Author:Alozie Praise Tobechukwu.
The Nigerian economy has gone through ups and downs. There had been very good days and there had been several histories of gloomy days. The economy had experienced its best in the past and it had also experienced the worst one can ever imagine.
The History of Nigeria’s economy dated back to before independence on October 1960. Truth is colonialism plays a big role in the history of Nigeria’s economy.There were very promising signs about Nigeria’s economy after the country gained independence from Britain. As at then, Nigeria had 25% of all the population of Africa. Nigeria was viewed then by many across the world as an emerging economy. It is however unfortunate that Nigerian never became the emerging economy many people thought it would turn out to be.
Despite the challenges facing Nigerians economy today, the country is still among the countries producing fossil fuel, which makes Nigeria a prominent country in determination of world economy.
“Before the discovery of fossil fuel, Nigerian economy had its basis on tax generated from companies established by Europeans along the Nigerian coasts. These companies were established as trading posts by the Europeans, including the British. This was
during the period slave trade was
flourishing. Aside slave trade, agriculture equally contributed a great deal to Nigerians economy. Virtually all Nigerians were farmers long before the British came to conquer the land. Farming continued incessantly and soon, Nigeria started venturing into production of cash crops. These cash crops were used locally, but most of them were exported aboard. This brought in more foreign exchange and shot
Nigeria’s economy to the limelight.
Consequently, Nigeria was not just the country with the largest number of black people on earth; Nigeria was also giant of Africa in terms of economic growth. Most of the economic activities going on in Nigeria before independence were concentrated in Lagos and the Niger delta areas.”
After the discovery of oil between the 1970s and 1980s, Nigerian economy received even bigger boost. Dependence on agriculture shot Nigerian high among the comity of nations, but discovery and exportation of oil pushed the country even further to the limelight. Nigeria became so blessed economically to the extent that one of the former military presidents declared that the problem of Nigeria was not money, but how to spend the money. Nigeria Discovery and exportation of oil made Nigeria to build a number of refineries. As time went on, Nigeria started forgetting about agriculture and were depending on oil alone. The north was not producing groundnut anymore and the southwest was not producing cocoa anymore. This was the exact foundation of the present day economic misfortune that is befalling Nigeria.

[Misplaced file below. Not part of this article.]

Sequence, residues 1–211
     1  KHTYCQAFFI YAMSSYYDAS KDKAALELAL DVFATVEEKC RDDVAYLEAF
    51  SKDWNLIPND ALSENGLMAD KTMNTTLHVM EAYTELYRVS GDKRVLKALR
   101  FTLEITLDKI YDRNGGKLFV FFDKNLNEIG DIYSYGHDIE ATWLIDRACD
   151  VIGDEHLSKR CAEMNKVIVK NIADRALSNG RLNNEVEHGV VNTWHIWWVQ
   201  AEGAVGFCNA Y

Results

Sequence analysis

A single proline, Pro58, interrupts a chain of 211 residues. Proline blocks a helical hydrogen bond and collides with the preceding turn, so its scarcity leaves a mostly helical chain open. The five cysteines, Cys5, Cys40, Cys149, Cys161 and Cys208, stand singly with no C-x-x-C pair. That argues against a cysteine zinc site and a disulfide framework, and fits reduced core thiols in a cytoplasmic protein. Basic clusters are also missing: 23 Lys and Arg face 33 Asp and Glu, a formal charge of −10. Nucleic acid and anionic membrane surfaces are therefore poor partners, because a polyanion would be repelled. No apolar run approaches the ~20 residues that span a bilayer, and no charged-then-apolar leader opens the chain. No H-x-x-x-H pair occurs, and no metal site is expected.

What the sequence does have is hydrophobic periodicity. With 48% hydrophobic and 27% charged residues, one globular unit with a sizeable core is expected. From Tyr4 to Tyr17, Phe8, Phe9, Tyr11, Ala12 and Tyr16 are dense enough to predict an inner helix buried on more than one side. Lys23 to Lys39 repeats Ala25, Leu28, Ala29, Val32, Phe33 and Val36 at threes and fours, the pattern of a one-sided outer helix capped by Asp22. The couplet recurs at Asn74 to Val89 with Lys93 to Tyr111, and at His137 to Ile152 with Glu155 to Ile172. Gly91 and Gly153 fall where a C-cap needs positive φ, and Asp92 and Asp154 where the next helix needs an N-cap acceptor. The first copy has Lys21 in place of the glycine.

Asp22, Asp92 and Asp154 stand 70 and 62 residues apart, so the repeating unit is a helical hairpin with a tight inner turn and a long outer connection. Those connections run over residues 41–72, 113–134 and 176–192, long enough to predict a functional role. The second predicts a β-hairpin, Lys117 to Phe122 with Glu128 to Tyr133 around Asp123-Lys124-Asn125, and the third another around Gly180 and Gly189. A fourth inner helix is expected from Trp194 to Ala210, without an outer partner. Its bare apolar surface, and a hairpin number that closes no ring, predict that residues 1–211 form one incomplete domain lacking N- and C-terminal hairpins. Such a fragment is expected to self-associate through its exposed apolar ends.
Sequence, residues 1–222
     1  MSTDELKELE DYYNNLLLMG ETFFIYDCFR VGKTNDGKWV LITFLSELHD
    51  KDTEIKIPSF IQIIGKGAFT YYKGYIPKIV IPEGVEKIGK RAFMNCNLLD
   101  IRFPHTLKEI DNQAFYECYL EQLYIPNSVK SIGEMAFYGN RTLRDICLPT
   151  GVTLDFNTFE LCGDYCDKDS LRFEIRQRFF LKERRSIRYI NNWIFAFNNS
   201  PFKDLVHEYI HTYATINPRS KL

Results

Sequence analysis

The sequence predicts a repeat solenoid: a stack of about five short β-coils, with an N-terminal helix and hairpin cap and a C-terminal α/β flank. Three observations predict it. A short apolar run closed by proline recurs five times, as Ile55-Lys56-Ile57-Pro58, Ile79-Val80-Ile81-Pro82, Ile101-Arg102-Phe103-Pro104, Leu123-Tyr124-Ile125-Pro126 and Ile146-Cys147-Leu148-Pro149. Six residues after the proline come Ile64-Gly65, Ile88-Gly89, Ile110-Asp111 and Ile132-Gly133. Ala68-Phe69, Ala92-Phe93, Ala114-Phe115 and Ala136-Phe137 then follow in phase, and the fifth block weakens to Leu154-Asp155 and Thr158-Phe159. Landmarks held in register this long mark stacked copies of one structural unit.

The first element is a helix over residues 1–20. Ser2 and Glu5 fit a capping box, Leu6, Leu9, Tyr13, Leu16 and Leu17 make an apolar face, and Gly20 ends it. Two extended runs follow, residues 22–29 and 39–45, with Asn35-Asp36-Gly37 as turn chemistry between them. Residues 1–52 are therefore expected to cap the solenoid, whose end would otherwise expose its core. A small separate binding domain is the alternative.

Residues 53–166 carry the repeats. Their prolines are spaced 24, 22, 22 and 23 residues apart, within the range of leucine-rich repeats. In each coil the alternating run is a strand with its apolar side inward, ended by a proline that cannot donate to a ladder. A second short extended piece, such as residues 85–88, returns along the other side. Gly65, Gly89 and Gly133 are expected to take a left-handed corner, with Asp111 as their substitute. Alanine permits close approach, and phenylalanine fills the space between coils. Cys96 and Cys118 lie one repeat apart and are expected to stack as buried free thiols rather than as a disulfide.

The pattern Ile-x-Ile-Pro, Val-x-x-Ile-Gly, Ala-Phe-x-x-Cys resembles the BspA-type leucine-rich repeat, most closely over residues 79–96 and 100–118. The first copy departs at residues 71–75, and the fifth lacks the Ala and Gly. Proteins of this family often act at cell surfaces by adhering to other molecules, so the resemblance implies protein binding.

To further compound the problem, the military rulers of those days converted Nigeria from regional system of government, where every region could develop at its own pace, to the federal system of government, where everyone has to depend on federal government for sustenance. Fall in price of crude oil exposed the decay in the Nigerian economy. Dependence on oil has turned Nigeria to a mono-economic nation and the fall in crude oil price is causing dent in virtually every aspect of life in Nigeria.
As at today, the Nigerian economy is nothing to write home about. In recent times, there has been a renewed agitation for the Republic of Biafra by members of the Movement for the Actualisation of Sovereign State of Biafra(MASSOB) and Indigenous People Of Biafra(IPOB). Nearly 50 years after the Biafran War which almost destroyed the unity of Nigeria, its agitators have refused to give up the struggle. This struggle has been aroused by the flagrant refusal of present and past administrations to fully implement the 3Rs of Reconstruction, Reconciliation and Rehabilitation of the Igbos into the mainstream of the Nigerian political affairs.
These until justitiably addressed will continue to pose a threat on the unity and continuity of this country Nigeria, as one indivisible and indissoluble sovereign entity as provided by section 2(1) of The 1999 Constitution of the Federal Republic of Nigeria as Amended, 2011.
I urge the government to explore all sorts of peaceful dialogue to resolve the problem posed by this threat rather than resort to the barrels of gun. Nigeria will survive the seige, restiveness and the high rate of unemployment caused by actions and inactions of past and present administration of things.
However as we mark our Independence on this day, 1st October this year marks 57 years of Nigeria being a free nation. It is a day to remember those who fought for and gave up their lives to free Nigeria from British rule. Nigeria’s freedom struggle was a hard-fought one and Independence Day is the day to pledge and to protect the unity and integrity of our country. Independence Day is a national holiday and Nigerians celebrate the day by hoisting the Nigerian bicolour. Many also fly kites, pigeons and sing patriotic songs. On the eve of Independence day, the President addresses the nation in a televised speech.
On Independence Day, the Vice President greets the nation from the ramparts of Aso Rock in FCT, Abuja. Independence Day is also a day to reflect on our nation’s achievements over the past 57 years. It is day to pay salute to all those who became the reason of this land the likes of Nnamdi Azikiwe, Engr. Harbert McCauley, Obafemi Awolowo, His Eminence, Sir. Ahmadu Bello, Ernest Ikoli, Chief Vaugan, Chike Obi, S.L Akintola, Dr. Michael Opara, and Tafawa Balewa of blessed memory who by one way or the other gave their time and resources to the actualisation of the liberty we all enjoy this day.
Happy Independence to all lovers of peace!!
©Alozie Praise Tobechukwu